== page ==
How to Get Back on the Horse

I recently had to have my eyelid lanced.

For the sake of your gag reflex and the fact that the rest of this story might find you curled into a ball under your desk, muttering incomprehensibly to yourself, I won’t elaborate. Suffice it to say, I’d been looking like Frankenstein for many weeks and had not left the house out of fear of traumatizing small children for life. (And also because wearing sunglasses inside makes you look like a douche. Just sayin’).

The upside was that in the complete absence of a social life, I was reinvigorated to get hardcore into the unfuckwithable writing routine that I’d been talking about—but not actually making progress on—for pretty much all of time. I began writing every single day, working out on schedule and building other new habits with the help of my Habit Tracker Spreadsheet. And I was starting to feel pretty damn good about myself.

Then it happened.

I woke up one day and felt inexplicably bad.

Sort of like too-many-Gibsons-bad, but not, since I’m practicing gin abstinence at the moment. It was even worse. It was existentially bad.

I felt unmotivated, purposeless and lost. I felt like a giant imposter. Like I had no new ideas, like a gazillion people were doing what I wanted to do—*better*—and they all had a team in place to do the laundry list of things required to really be a “great” in the information age.

There was too much work to do and I would never get there, I told myself.

So I spent the morning journaling begrudgingly, fighting with WordPress plugins that wouldn’t work properly, and telling myself that I probably needed to buy a new course that would teach me how to do something, since the something I was currently doing would obviously never pan out. (I love to buy courses—they make me feel like I’m doing something to reach my goals when in fact I’m doing nothingThis blog cracked me up when it called this pattern “masturbatory self-improvement . . . all the pleasure, without the production of metaphorical progeny.” True that. *facepalm*).

I even read emails until there were no unread emails left in my inbox. (Yep, it was that bad).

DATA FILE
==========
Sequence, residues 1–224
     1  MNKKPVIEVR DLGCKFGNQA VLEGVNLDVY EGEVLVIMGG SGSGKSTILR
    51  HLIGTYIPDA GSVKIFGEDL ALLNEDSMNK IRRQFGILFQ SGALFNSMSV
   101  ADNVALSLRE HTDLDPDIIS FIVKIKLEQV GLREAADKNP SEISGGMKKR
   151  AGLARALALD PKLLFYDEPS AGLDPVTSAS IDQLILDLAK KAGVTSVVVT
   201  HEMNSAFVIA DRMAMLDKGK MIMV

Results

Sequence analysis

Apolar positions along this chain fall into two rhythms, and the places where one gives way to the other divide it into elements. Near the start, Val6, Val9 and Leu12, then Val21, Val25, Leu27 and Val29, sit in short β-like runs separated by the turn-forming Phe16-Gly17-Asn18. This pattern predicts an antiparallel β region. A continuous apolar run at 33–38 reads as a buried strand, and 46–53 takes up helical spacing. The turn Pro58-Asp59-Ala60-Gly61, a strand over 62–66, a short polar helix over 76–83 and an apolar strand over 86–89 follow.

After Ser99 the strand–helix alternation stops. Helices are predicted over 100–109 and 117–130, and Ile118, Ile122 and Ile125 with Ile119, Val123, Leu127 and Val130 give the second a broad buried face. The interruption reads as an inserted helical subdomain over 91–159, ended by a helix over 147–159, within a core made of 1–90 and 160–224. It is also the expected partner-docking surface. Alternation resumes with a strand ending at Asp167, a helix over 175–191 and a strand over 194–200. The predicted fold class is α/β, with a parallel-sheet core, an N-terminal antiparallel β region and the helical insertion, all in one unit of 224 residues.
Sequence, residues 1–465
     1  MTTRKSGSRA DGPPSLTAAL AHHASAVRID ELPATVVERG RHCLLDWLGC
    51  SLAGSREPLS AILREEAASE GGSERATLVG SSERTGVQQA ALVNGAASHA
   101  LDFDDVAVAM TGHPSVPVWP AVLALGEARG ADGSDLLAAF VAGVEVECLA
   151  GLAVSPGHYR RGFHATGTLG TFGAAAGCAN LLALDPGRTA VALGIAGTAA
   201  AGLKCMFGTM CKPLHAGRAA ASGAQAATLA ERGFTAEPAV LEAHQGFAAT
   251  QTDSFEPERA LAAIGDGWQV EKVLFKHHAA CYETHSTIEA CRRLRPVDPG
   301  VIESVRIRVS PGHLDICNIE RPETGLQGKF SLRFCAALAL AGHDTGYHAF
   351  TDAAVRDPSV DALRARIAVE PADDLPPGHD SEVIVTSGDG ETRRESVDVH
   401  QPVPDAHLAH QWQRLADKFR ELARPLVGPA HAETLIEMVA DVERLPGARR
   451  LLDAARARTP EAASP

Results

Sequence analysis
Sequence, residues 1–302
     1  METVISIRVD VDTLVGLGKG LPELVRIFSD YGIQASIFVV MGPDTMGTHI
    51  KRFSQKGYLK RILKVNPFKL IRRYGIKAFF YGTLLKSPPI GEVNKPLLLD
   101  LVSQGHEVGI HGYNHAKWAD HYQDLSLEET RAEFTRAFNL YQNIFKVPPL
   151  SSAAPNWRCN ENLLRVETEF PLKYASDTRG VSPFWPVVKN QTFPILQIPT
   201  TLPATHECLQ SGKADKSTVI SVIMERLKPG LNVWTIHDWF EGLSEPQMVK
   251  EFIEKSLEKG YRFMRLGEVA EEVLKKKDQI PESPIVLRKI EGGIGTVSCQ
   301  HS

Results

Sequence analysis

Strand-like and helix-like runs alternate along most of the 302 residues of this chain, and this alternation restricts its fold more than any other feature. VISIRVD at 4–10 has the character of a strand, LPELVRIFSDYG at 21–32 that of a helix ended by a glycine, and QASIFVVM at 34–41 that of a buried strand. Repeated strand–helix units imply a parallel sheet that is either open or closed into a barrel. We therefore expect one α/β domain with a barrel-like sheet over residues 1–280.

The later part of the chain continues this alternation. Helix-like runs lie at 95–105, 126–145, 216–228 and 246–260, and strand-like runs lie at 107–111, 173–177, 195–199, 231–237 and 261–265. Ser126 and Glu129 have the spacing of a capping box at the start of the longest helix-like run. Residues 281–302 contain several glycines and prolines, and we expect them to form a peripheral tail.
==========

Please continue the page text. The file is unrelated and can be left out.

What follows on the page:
NOTHING sounded appealing.

Why bother? I sighed.

Womp, womp, went the soundtrack of my life.

But after half a day of wallowing and flopping about like a she-walrus, the side of me that likes to wear rose-colored glasses (not indoors, mind you) spoke up.

Maybe it’s been done before, but it’s never been done your way, it said.

Aren’t you supposed to eat a whale (or a she-walrus) one bite at a time? (Cue she-walrus caterwauling).

Isn’t your goal simply to be better—even by just 1% each day?

And the answer to these questions was . . . yes. Obviously. Duh.

Dreaming big is bound to feel overwhelming sometimes. But that doesn’t mean we should downsize our dreams. Our inner critic is always going to show up right when she’s not welcome, but we don’t have to let her call the shots. Finding our power is about pushing forward when we feel resistance because it’s a fact (in my life, anyway) that the things we resist doing are the very things we need the most.

As Elizabeth Gilbert says, “You must never surrender . . . miraculous turns of fate can happen to those who insist on showing up.”

So when the going gets tough, and your insides are screaming at you to crawl back into bed, take a deep breath, steady yourself and . . . 

Just show up.

To the page, to the project, to the dream.

Even when it’s the last thing you feel like doing. Not only does it build fortitude, but it prevents the self-loathing that can lead to more inaction tomorrow and the day after that.

And when you show up and do the thing against all odds, something strange happens.

You feel powerful. You get to cross something off your To-Do List. You have a little win to celebrate.

Dopaminebaby.

And getting a little hit of the juice makes doing the thing tomorrow that much easier.

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